Thursday Farewell Tour
Toad’s Place, New Haven CT
December 28th 2011
With the release of 2001’s Full Collapse, Thursday changed the course of alternative music. While the scene they helped create may not be remembered in the most favorable light, the band has consistently challenged musical conventions over the past 11 years, and done so with as much sincerity and integrity as any band could.
That is why it is a shame they have never equaled the success of Full Collapse. With each album, the band’s record sales and popularity fell, despite the fact they continued to earn glowing reviews for both their new releases and live shows. In April of 2011 they debuted their fifth proper full length, No Devolucion. It was a radical, “art rock” departure from their earlier work that quickly became one of the year’s best reviewed albums, even if not one of its best selling.
Short openings slots on tours with My Chemical Romance and Taking Back Sunday in front of largely uninterested crowds followed before the band then announced a proper headlining tour. In late November, they proclaimed the tour would be their last, save for a brief run of Australian dates in 2012. The band cited personal issues for calling it quits, but it can be assumed the difficulties of making a living as a band for so many years had taken its toll.
Their final headlining tour would come to a close with a string of East Coast dates during the holidays, with New Haven, CT being the third to last stop. The band had a history of playing at Toad’s, a venerable rock club close to the campus of Yale University. Their final show there would prove to be a memorable one, as both the band and their fans poured all of their energy into one last performance.
The night began with opening sets from Aficionado and Connecticut’s own Make Do and Mend. I was able to catch a number of songs from the latter, and wasn’t terribly impressed until their closing number, “Night’s the Only Time of Day,” which showed quite a bit of potential.
New Brunswick, NJ trio Screaming Females followed, showcasing their bass-heavy brand of garage rock. In addition to playing a very impressive lead guitar, frontwoman Marissa Paternoster is a vocal powerhouse, and her talents help the act stand out from many of their peers. While the band doesn’t have fantastic stage presence, they sounded great, and their set seemed well received by the large crowd that had already gathered.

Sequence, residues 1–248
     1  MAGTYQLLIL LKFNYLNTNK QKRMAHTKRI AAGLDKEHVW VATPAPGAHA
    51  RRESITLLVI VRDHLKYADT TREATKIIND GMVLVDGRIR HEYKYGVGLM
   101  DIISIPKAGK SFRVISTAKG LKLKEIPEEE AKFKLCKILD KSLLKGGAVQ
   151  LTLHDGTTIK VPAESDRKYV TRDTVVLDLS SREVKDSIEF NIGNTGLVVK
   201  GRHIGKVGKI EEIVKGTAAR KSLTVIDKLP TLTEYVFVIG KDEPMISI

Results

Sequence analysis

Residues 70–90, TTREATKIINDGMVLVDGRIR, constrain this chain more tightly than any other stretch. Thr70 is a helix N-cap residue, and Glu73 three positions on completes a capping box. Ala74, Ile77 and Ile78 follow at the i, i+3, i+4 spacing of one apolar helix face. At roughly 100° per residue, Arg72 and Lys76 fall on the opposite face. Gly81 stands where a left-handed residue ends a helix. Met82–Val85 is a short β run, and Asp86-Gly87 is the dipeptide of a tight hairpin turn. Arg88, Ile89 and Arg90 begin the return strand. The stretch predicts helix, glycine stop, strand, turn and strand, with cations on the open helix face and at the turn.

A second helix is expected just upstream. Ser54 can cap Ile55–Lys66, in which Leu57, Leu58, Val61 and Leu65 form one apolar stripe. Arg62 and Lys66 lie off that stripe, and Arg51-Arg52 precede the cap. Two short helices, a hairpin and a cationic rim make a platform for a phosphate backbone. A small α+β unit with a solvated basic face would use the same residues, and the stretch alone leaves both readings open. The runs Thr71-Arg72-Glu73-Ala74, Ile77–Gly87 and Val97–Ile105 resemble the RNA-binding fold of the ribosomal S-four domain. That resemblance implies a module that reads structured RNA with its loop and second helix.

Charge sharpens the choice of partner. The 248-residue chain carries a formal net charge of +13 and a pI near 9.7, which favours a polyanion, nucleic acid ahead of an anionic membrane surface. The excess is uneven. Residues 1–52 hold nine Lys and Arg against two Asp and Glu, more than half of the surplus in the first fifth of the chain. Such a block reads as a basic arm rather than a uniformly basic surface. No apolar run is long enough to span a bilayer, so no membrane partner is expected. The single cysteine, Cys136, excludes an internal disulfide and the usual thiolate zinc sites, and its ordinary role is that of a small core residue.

The main support act was Philadelphia’s MewithoutYou. The band has earned somewhat of a cult following after touring extensively with the likes of Thursday and Brand New in the past, but has never earned the same type of breakout success as those two bands have. They played a nearly 45 minute set that had many in the crowd moving and singing along. They tended to blend at least a few of their songs together, and took only short breaks between others. While I’m not terribly familiar with their work, I would say they sounded much better than they had the one other time I had seen them.
After a nearly 40 minute wait (which is really pushing it at a show with five bands), Thursday took the stage to the tune of No Develucion’s “Open Quotes.” The crowd immediately surged towards the stage as fists flew through the air. While not one of the band’s better known songs, the intensity the band and the crowd displayed during this number would set the tone for the rest of the night.
Next up was “For the Workforce, Downing”, which is one of the band’s best known songs. The intensity was turned up a few more notches as frontman Geoff Rickly climbed on top of a monitor at the front of the stage, grabbed onto a support beam and leaned as far as he could into the crowd. With no barrier separating the stage from the fans, literally dozens of people made their way on stage during this song alone, forcing the band to take a short break afterward to rearrange all the gear and peddles that had been trampled during the melee.
While Thursday had played 16 songs sets at previous shows, Rickly announced they would be playing longer on this night due to special requests from their road crew, the first of which was “I Am the Killer” from Full Collapse. The band would do a very good job showcasing songs that spanned their career while still featuring six songs from their most recent effort. This was important because this tour would prove to be the only chance they had to play anything from No Develucion as a headlining act.